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Clinical Trial
. 2008 Oct 23;359(17):1786-801.
doi: 10.1056/NEJMoa0802670.

Alemtuzumab vs. Interferon beta-1a in Early Multiple Sclerosis

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Clinical Trial

Alemtuzumab vs. Interferon beta-1a in Early Multiple Sclerosis

CAMMS223 Trial Investigators et al. N Engl J Med. .
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Abstract

Background: Alemtuzumab, a humanized monoclonal antibody that targets CD52 on lymphocytes and monocytes, may be an effective treatment for early multiple sclerosis.

Methods: In this phase 2, randomized, blinded trial involving previously untreated, early, relapsing-remitting multiple sclerosis, we assigned 334 patients with scores of 3.0 or less on the Expanded Disability Status Scale and a disease duration of 3 years or less to receive either subcutaneous interferon beta-1a (at a dose of 44 microg) three times per week or annual intravenous cycles of alemtuzumab (at a dose of either 12 mg or 24 mg per day) for 36 months. In September 2005, alemtuzumab therapy was suspended after immune thrombocytopenic purpura developed in three patients, one of whom died. Treatment with interferon beta-1a continued throughout the study.

Results: Alemtuzumab significantly reduced the rate of sustained accumulation of disability, as compared with interferon beta-1a (9.0% vs. 26.2%; hazard ratio, 0.29; 95% confidence interval [CI], 0.16 to 0.54; P<0.001) and the annualized rate of relapse (0.10 vs. 0.36; hazard ratio, 0.26; 95% CI, 0.16 to 0.41; P<0.001). The mean disability score on a 10-point scale improved by 0.39 point in the alemtuzumab group and worsened by 0.38 point in the interferon beta-1a group (P<0.001). In the alemtuzumab group, the lesion burden (as seen on T(2)-weighted magnetic resonance imaging) was reduced, as compared with that in the interferon beta-1a group (P=0.005). From month 12 to month 36, brain volume (as seen on T(1)-weighted magnetic resonance imaging) increased in the alemtuzumab group but decreased in the interferon beta-1a group (P=0.02). Adverse events in the alemtuzumab group, as compared with the interferon beta-1a group, included autoimmunity (thyroid disorders [23% vs. 3%] and immune thrombocytopenic purpura [3% vs. 1%]) and infections (66% vs. 47%). There were no significant differences in outcomes between the 12-mg dose and the 24-mg dose of alemtuzumab.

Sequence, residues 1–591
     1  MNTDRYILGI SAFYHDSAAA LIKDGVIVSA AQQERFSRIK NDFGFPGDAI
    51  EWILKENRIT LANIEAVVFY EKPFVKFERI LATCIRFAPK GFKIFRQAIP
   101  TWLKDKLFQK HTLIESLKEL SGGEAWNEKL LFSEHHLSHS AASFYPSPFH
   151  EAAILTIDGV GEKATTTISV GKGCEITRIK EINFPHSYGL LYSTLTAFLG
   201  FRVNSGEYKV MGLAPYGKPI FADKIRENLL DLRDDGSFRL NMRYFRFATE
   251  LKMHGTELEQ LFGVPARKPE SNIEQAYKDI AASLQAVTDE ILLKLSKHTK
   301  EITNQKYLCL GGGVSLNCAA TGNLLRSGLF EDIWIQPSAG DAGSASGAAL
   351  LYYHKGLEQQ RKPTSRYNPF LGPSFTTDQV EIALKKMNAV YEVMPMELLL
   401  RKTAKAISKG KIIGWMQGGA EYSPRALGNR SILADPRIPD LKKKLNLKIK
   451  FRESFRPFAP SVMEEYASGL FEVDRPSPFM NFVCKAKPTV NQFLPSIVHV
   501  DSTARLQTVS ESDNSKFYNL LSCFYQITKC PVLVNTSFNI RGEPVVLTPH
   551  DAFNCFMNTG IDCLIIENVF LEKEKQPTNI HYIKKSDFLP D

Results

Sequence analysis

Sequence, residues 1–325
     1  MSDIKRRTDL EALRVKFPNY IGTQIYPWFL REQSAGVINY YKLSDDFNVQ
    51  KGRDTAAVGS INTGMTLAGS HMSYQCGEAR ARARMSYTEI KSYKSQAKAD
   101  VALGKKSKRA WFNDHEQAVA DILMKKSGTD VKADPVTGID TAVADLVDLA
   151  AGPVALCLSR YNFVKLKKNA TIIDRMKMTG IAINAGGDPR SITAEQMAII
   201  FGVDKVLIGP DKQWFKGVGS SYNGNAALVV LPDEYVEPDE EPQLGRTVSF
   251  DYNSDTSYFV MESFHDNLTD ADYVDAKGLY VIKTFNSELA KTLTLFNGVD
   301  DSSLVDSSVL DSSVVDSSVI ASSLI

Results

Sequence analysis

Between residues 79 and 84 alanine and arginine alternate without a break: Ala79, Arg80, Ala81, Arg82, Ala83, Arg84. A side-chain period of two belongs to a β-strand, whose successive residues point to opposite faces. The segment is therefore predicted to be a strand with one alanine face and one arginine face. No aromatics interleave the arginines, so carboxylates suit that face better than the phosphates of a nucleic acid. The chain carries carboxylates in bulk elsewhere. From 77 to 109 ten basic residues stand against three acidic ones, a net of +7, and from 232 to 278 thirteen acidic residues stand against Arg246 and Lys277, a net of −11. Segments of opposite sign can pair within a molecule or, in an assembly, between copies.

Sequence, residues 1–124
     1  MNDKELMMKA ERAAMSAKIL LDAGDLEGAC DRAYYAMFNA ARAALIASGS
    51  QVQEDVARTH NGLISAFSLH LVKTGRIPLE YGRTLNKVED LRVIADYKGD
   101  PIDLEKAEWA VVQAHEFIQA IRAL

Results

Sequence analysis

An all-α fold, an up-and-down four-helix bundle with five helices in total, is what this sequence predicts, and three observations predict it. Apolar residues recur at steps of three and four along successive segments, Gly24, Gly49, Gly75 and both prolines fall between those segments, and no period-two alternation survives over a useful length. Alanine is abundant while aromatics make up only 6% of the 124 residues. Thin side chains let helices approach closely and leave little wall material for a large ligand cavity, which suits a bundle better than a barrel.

Conclusions: In patients with early, relapsing-remitting multiple sclerosis, alemtuzumab was more effective than interferon beta-1a but was associated with autoimmunity, most seriously manifesting as immune thrombocytopenic purpura. The study was not powered to identify uncommon adverse events. (ClinicalTrials.gov number, NCT00050778.)

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